The Exposome: A Primer is the first book dedicated to exposomics, detailing the purpose and scope of this emerging field of study, its practical applications and how it complements a broad range of disciplines. Genetic causes account for up to a third of all complex diseases. (As genomic approaches improve, this is likely to rise.) Environmental factors also influence human disease but, unlike with genetics, there is no standard or systematic way to measure the influence of environmental exposures. The exposome is an emerging concept that hopes to address this, measuring the effects of life-long environmental exposures on health and how these exposures can influence disease.

This systematic introduction considers topics of managing and integrating exposome data (including maps, models, computation, and systems biology), "-omics"-based technologies, and more. Both students and scientists in disciplines including toxicology, environmental health, epidemiology, and public health will benefit from this rigorous yet readable overview.


The intended audience for this book is graduate students and professional scientists interested in environmental mediators of disease. These include students and scientists from such disciplines as toxicology, environmental health sciences, epidemiology, genetics, public health, medicine, and nursing.

Table of Contents



Chapter 1. The Exposome: Purpose, Definition, and Scope

1.1 Why a Primer?

1.2 What is the Exposome?

1.3 Darwin Would Be Proud

1.4 If it is So Obvious, Why This Book?

1.5 Environmental Health Practitioners

1.6 The Exposome as an Educational Tool

1.7 Discussion Questions

Further Reading

Chapter 2. When the Genome Falls Short: Limitations of a Gene-Centric View of Health

2.1 DNA, No Longer a Secret

2.2 The Gene Versus Environment Continuum

2.3 A Dangerous Metaphor?

2.4 ENCODE Project

2.5 Epigenetics: A Clear Gene–Environment Interface

2.6 Obstacles and Opportunities

2.7 Discussion Questions

Further Reading

Chapter 3. The Explosion of -Omic-Based Technology and its Impact on the Exposome

3.1 The Science of “Me, Too”

3.2 Transcriptome

3.3 Proteome

3.4 Pharmacogenomics/Toxicogenomics

3.5 Epigenomics

3.6 Metabolome

3.7 Microbiome

3.8 What to Do with All of These -Omes

3.9 What Type of Omic is the Exposome?

3.10 Obstacles and Opportunities

3.11 Discussion Questions

Further Reading

Chapter 4. The Exposome in Environmental Health Sciences and Related Disciplines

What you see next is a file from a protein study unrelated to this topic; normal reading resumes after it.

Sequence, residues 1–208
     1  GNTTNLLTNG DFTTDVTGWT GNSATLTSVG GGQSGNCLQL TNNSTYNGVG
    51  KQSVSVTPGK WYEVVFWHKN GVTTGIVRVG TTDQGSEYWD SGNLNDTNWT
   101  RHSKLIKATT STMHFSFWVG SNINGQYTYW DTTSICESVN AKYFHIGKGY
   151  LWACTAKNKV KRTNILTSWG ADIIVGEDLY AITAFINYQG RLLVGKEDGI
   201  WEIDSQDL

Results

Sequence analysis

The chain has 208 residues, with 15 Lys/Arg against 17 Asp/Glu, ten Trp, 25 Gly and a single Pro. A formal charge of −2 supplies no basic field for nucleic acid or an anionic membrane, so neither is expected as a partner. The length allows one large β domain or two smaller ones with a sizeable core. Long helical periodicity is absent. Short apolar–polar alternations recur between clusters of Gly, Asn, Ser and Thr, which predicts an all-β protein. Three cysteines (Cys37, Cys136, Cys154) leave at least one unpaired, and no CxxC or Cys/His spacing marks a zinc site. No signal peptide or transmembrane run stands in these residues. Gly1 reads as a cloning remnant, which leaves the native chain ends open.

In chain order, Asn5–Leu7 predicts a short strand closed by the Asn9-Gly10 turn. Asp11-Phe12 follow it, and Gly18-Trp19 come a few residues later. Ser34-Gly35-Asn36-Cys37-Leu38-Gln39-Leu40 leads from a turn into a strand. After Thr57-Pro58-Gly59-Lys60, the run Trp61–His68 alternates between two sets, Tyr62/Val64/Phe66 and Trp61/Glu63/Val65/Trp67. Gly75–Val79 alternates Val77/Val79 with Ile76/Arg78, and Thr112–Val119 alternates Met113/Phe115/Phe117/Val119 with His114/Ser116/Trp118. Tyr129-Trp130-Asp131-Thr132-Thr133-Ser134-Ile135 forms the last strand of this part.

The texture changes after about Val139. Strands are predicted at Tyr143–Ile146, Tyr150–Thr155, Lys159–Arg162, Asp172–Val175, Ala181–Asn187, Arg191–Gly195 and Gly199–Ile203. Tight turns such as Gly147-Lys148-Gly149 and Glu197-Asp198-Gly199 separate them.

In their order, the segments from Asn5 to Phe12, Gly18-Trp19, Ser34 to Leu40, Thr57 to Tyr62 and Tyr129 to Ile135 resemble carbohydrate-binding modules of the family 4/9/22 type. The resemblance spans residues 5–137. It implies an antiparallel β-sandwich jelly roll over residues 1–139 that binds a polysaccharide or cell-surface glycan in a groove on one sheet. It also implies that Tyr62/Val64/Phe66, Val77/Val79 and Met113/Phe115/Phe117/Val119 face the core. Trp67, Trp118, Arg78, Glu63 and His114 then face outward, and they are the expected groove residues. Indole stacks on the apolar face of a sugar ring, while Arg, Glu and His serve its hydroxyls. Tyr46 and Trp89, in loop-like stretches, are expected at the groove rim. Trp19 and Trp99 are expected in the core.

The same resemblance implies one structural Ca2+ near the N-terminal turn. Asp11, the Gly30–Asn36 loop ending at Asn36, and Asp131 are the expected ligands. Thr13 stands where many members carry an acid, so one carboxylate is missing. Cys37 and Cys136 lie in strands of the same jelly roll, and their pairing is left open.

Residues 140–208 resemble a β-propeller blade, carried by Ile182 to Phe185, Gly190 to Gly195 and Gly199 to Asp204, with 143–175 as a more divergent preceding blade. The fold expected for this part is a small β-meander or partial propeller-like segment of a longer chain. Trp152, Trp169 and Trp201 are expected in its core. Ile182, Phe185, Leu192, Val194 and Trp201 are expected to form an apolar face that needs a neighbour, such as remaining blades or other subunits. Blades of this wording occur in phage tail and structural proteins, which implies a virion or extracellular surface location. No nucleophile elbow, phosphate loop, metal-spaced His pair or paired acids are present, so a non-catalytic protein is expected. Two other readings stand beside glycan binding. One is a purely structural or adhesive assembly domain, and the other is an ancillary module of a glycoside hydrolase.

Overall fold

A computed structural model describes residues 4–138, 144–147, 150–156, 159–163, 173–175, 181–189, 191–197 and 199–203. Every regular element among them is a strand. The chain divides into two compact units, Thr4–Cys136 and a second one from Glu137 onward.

4.1 Welcome Home Exposome

4.2 Toxicology—Mechanisms of Toxicity

4.3 Exposure Science (or Assessment, or Biology)

4.4 Epidemiology and the Exposome

4.5 Global Epidemiology

4.6 Pesticides as an Example of Strained Relationships

4.7 Obstacles and Opportunities

4.8 Discussion Questions

Further Reading

Chapter 5. Managing and Integrating Exposome Data: Maps, Models, Computation, and Systems Biology

5.1 Maps, Models, and Technology

5.2 Mapping

5.3 Big Data, Really Big

5.4 I am so Smart, S-M-R-T

5.5 Mat


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Academic Press
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About the author

Gary Miller

Gary W. Miller, PhD is the Asa Griggs Candler Professor of Environmental Health and Associate Dean for Research in the Rollins School of Public Health at Emory University. He is Director of the HERCULES Exposome Research Center at Emory. His research interests include the role of environmental factors in Parkinson’s disease and the regulation of dopamine signaling in the brain. He is also Editor-in-Chief of Toxicological Sciences, the official journal of the Society of Toxicology.

Affiliations and Expertise

Ph.D., Asa Griggs Candler Professor of Public Health and Associate Dean for Research, Rollins School of Public Health, Emory University, USA


"There is some suggestions for teaching the exposome, including an outline syllabus for a short course, and Miller's ideas about how the science might move forward over the next five to ten years… Overall I found this a useful introduction to the exposome and well worth reading if you want to better understand this new developing science." blog, January 4, 2014